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November 5, 2011 at 5:17 am #48121johnrathParticipant
Another newbie question. I am working on a wooden geared shelf clock. The pivots on some gears are much smaller than the rest and I think might need to be replaced. Are the pivots press fitted into the wooden arbors? I’m also having trouble deciding how much slop between pivot and (wooden) bushing is too much and which of these should be rebushed. My plan was to rebush using a plug cutter and Forstner drill to place an oak plug into the wooden plates. Also wondered about any references that might contain material on wooden clocks. Many thanks
JohnNovember 7, 2011 at 7:23 pm #50871Bob TascioneModerator
Hi John and welcome to the forum!
There are many people out there that know much more about wood clocks and their repair than I do. I can pass along what I’ve done in the past but really don’t know if it’s the best way to go about it. Anybody that can add to or correct me please do.
I’m not sure whether the steel pivots are just pressed into the wood arbors or if they are secured in some way. I don’t think I’ve ever had to replace any that ran in wood plates due to wear though.
I have used a Forstner bit to drill wood plates for wooden bushings. I don’t drill all the way through the plates though but rather mount the plate on a drill press and after centering with steel hole plugs, drill (from the inside of the plate) partially into the plate and then insert a wood plug. I then drill a hole for the pivot through the plug while centered in the same setup and then saw, chisel and file off any excess material on the inside of the plate. This way the bushing doesn’t show from the outside of the plate. Again I don’t really know if this is considered a good repair or not but it works well for me and looks good. As for determining the hole wear and need for a bushing I just do it the same as with any brass American clock as covered in the clock course.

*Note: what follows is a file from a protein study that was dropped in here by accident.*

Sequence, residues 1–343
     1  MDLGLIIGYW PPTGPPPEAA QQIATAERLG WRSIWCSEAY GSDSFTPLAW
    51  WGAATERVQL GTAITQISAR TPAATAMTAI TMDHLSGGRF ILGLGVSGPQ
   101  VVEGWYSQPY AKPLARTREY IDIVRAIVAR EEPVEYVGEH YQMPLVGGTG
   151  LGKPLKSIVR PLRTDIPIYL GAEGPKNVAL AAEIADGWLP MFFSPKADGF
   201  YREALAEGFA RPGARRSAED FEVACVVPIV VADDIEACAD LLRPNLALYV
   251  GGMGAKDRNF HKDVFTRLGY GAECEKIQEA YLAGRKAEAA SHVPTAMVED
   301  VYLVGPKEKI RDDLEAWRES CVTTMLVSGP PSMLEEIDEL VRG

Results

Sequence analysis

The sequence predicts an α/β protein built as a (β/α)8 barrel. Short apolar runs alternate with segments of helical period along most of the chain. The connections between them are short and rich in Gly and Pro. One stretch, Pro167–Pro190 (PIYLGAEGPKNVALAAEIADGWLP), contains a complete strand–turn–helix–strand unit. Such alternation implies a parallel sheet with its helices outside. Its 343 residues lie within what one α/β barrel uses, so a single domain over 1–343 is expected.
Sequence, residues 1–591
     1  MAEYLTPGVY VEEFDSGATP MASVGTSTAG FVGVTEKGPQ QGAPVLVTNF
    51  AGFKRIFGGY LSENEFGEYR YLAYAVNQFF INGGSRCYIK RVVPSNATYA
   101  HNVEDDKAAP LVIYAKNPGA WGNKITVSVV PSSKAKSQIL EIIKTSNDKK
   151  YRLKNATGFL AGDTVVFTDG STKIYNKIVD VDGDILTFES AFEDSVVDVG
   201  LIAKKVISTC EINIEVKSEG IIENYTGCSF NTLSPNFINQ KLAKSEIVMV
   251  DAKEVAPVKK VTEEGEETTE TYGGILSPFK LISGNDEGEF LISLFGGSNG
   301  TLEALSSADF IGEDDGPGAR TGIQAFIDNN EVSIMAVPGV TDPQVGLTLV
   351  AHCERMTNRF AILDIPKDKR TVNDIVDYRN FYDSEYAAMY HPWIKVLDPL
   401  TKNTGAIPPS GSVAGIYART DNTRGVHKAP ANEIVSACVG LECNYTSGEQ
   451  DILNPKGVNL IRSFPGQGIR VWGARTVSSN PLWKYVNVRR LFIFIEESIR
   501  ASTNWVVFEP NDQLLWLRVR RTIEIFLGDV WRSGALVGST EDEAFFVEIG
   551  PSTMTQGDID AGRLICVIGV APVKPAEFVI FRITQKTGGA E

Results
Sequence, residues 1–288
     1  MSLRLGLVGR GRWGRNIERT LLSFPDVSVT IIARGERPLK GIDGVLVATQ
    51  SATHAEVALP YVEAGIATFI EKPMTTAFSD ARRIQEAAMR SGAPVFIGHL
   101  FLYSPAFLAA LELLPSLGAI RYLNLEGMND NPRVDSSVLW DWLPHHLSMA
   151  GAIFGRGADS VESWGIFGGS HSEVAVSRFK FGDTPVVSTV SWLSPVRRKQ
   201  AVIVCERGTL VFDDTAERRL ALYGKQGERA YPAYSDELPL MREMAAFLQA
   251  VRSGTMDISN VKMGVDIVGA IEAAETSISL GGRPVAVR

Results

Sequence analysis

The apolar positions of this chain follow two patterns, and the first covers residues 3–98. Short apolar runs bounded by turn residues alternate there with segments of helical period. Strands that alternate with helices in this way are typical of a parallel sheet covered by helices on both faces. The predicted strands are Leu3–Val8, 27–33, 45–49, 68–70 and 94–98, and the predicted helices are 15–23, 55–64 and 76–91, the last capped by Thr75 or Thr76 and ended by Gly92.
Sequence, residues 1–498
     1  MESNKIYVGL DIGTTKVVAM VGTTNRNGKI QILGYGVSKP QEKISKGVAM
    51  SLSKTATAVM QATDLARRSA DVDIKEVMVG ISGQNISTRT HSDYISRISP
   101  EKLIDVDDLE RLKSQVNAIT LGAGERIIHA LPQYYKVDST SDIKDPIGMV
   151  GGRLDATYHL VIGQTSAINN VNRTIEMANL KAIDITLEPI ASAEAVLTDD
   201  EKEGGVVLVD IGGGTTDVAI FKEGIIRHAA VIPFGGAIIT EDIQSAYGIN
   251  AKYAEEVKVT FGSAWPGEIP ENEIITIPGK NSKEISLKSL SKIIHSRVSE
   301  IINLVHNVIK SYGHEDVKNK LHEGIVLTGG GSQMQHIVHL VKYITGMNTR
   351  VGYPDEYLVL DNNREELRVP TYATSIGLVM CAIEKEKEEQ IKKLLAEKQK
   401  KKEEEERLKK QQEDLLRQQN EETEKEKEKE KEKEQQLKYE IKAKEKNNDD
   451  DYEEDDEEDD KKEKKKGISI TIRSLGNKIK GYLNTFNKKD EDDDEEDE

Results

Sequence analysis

For wood clocks that use brass bushings such as German cuckoos or clocks that use Ivory or bone bushings I try to repair them as close to original as possible using bone in place of Ivory. I made a few bushings out of bone over the years and was surprised at how easy they are to make with just a lathe, file, sand paper and a drill. They’re fun to make.
I hope this helps John,
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